Storm Prediction Center says 2014 may be one of the quietest on record

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OKLAHOMA CITY, OK (KTVI) - As we move toward the end of 2014, it's time to look back at the year that has been for severe weather.  According to experts at the Storm Prediction Center (SPC) there has been at least one surprising trend this year.

"As it stands right now, very preliminarily, we are standing right around 850 or so tornadoes. We still have a lot of data to gather, but it may end up being one of the ten quietest years in the modern tornado record era."  So says Bill Bunting, the Operations Branch Chief at SPC.

He says the primary reason has been a large-scale weather pattern in the jet stream that is less conducive for severe weather.  A large ridge of high pressure along the West Coast and a trough over the eastern United States to be specific.

This trend seems backwards to us in St. Louis where once again in 2014, we've been hit by multiple damaging severe weather outbreak.  That said, nationally, the numbers do not lie.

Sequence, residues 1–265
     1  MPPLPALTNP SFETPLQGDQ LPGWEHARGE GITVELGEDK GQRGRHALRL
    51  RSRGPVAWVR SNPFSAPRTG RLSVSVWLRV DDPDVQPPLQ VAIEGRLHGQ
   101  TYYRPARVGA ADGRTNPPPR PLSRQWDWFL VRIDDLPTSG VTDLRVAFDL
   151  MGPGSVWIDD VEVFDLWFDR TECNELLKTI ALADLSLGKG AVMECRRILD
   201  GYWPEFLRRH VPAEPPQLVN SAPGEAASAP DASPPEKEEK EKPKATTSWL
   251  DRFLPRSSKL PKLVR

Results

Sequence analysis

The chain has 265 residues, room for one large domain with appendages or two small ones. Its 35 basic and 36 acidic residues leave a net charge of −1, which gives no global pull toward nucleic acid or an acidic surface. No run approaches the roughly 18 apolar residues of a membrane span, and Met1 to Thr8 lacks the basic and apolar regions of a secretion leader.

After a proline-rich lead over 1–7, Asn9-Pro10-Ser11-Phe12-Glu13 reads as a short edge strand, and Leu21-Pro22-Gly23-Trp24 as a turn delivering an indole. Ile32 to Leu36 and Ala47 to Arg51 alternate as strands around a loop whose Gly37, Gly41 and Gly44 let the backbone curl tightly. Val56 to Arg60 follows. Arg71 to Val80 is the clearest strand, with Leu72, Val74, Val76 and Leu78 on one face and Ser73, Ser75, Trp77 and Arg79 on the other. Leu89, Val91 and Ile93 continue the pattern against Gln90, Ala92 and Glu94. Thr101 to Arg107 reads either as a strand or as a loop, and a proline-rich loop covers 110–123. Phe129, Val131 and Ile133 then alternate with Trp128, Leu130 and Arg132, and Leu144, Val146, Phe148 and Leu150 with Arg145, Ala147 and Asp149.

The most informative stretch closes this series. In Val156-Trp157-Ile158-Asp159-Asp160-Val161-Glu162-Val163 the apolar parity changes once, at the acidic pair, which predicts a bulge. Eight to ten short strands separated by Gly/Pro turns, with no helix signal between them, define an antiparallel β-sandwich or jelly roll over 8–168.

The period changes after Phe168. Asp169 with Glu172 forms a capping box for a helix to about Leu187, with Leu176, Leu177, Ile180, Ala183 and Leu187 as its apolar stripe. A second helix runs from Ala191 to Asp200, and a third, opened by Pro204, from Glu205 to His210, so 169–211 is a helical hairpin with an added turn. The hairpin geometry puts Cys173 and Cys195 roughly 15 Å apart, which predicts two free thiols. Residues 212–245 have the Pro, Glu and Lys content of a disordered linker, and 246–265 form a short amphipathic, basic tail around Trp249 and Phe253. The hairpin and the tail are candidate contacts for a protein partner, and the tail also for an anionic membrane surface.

Bunting cautions that just because those numbers are down, people should not let their guard down.

"One storm is all it takes and if it hits your neighborhood it's a really bad year," reminds Bunting.

The big question is what does the future hold?

Bunting explains, “Even with atmospheric conditions like El Nino, it is difficult to predict with certainty how a season will play out.  For a tornado to occur it takes a unique set of conditions over exactly the right place at the right time.  Those are hard to predict more than a few hours or days in the future.   I think our forecast is hope for the best but prepare for the worst that nature can throw our way."

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